The women are without faces, so even though the titles’ names indicate otherwise, the paintings are, in contrast to the material one finds in the information room, not so much concerned with telling personal stories as with describing general circumstances. In other words, as is often the case in documentary descriptions of the subject the pictures do not stimulate identification with the women as victims or compassion for them, but provoke a cooler reflection on a relatively under-examined aspect of the subject, namely the lives the women lead when they are not walking the street. Does it succeed?
The choice of motifs has an element of “Le Déjeuner sur l’herbe,” as in Carmen (2011) and Laila (2011), but not to the degree that masculine voyeuristic lust becomes the main element. In Natascha (2011), for example, one doesn’t find lunch, greenery, or flirting company, but instead loneliness in a primitive thicket. The paintings are best, or actually really good, when Kørner’s well-known colorist style morphs together with nightmarish scenarios which can almost be reminiscent of something from a horror film, as in Simone (2011). It is violent and disturbing to look at, but also compelling, difficult to look away from. It is a picture that creates resistance, esthetically and in content, and widens the horizon of how one can see and understand women prostitutes as people who struggle with life as an effort against a brutal reality. In several of the other paintings the resistance is considerably less. It is as if the colorist style begins to overshadow the content, and the paintings do not completely find a balance between creating new, living stories and distanced reflection. The motifs are either too minimal, literal, or ornamented in their expression to create the intensity that can capture one’s vision long enough that challenged and expanded thoughts arise. You don’t genuinely get below the surface. Or more exactly, the esthetic is on the surface. The creative energy in the paintings on the formal level isn’t carried over to perspective-expanding vibrations at the level of content.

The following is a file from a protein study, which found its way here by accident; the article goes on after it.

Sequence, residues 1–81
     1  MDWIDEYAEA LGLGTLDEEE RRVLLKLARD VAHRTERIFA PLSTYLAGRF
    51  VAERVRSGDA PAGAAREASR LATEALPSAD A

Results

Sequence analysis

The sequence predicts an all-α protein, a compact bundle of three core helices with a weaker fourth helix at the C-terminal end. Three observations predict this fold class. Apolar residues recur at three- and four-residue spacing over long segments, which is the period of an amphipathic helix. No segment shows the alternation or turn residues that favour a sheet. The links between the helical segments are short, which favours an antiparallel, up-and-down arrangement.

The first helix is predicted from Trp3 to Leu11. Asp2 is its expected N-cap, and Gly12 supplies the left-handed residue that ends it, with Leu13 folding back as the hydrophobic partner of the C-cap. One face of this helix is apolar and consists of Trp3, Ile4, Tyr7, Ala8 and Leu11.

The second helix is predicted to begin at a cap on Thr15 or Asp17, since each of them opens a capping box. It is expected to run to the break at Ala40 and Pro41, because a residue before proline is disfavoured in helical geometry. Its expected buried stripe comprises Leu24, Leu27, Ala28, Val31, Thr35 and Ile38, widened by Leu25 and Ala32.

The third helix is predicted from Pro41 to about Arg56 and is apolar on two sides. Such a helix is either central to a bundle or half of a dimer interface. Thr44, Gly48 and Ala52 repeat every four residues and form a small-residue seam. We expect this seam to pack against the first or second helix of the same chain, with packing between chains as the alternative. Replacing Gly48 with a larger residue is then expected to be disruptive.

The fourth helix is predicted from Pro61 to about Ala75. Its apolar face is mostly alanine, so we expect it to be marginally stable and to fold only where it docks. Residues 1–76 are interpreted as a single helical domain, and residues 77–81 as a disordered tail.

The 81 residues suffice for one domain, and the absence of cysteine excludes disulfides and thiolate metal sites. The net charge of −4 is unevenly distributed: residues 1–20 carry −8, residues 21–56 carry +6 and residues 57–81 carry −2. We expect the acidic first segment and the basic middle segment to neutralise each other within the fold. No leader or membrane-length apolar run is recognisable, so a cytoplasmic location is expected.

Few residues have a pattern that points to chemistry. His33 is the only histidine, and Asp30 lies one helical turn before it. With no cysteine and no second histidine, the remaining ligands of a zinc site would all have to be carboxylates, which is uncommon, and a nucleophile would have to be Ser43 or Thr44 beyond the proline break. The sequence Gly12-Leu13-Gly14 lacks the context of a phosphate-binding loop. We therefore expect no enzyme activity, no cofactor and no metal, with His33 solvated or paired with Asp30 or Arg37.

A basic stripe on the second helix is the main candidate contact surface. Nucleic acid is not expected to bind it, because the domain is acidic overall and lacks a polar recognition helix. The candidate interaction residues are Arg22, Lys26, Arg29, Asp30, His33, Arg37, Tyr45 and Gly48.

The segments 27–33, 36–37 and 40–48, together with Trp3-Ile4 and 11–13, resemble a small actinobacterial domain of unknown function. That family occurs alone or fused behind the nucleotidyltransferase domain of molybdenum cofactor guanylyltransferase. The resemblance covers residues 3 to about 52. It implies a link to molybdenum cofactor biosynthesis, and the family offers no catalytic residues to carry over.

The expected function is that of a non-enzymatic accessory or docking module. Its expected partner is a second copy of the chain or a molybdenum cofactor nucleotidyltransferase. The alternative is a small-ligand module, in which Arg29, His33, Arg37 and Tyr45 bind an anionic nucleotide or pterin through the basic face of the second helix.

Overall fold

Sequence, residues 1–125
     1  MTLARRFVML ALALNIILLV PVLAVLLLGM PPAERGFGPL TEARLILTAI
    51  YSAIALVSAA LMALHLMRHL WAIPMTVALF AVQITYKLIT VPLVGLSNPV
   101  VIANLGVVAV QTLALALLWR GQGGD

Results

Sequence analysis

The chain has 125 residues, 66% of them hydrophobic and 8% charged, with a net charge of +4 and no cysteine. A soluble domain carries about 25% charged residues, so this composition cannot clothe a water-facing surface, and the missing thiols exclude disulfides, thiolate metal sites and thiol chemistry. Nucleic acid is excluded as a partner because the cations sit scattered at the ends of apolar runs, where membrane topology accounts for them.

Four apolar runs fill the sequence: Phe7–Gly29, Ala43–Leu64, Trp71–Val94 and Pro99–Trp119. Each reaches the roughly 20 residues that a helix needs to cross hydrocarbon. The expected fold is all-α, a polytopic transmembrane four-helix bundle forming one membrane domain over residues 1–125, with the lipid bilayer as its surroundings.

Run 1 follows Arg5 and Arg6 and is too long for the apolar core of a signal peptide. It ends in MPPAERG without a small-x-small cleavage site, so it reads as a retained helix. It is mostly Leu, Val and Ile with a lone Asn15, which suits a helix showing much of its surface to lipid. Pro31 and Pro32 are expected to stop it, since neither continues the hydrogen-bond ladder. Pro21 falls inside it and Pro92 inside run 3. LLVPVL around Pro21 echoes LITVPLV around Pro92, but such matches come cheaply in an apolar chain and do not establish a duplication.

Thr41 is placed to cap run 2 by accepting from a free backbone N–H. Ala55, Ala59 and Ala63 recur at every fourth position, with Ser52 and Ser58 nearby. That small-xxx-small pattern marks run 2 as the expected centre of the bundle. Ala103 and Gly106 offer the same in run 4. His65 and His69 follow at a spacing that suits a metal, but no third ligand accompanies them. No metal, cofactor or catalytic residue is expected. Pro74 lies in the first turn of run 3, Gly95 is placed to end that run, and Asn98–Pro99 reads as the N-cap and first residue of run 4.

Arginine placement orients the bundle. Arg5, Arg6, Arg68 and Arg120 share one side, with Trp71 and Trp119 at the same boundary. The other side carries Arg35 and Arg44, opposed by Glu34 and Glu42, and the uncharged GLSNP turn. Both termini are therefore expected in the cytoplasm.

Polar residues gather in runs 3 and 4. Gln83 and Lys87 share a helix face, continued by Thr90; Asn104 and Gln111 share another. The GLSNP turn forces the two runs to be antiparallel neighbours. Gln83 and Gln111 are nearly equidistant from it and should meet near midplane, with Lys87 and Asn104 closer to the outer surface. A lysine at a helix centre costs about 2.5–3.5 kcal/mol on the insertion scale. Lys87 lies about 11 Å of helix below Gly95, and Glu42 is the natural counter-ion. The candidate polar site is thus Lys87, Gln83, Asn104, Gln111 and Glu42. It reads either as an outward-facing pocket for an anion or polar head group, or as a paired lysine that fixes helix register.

Brugte Kvinder (Used Women) comes a couple of years after Kørner did a similar series of paintings on the fallen Danish soldiers in Afghanistan, and as was also the case with that series, one has doubts about the direction he is taking with the political reference—perhaps because the paintings finally attempt too little as they try to avoid debate.
When the Crown Prince couple rejected one of the paintings from the Afghanistan series Kørner
agreed to adjust it on the grounds that “it is now a commissioned work, and the customer must be satisfied.” The remark can only be taken to mean that in decision-making, the gallery artist John Kørner takes precedence over the socially engaged artist John Kørner. The schism also appears, though less glaringly, in Kvinder til salg (Women for sale). The Workers’ Museum, compared with the Danish royal castle Amalienborg, is anything but an equivalent setting: the museum offers a much more interesting context for his new works of social commentary. Even so, it is as if Brugde Kvinder (Used Women) fails to take into account that The Workers’ Museum challenges the paintings politically in another difficult way.
Translation from the Danish by Richard Simpson.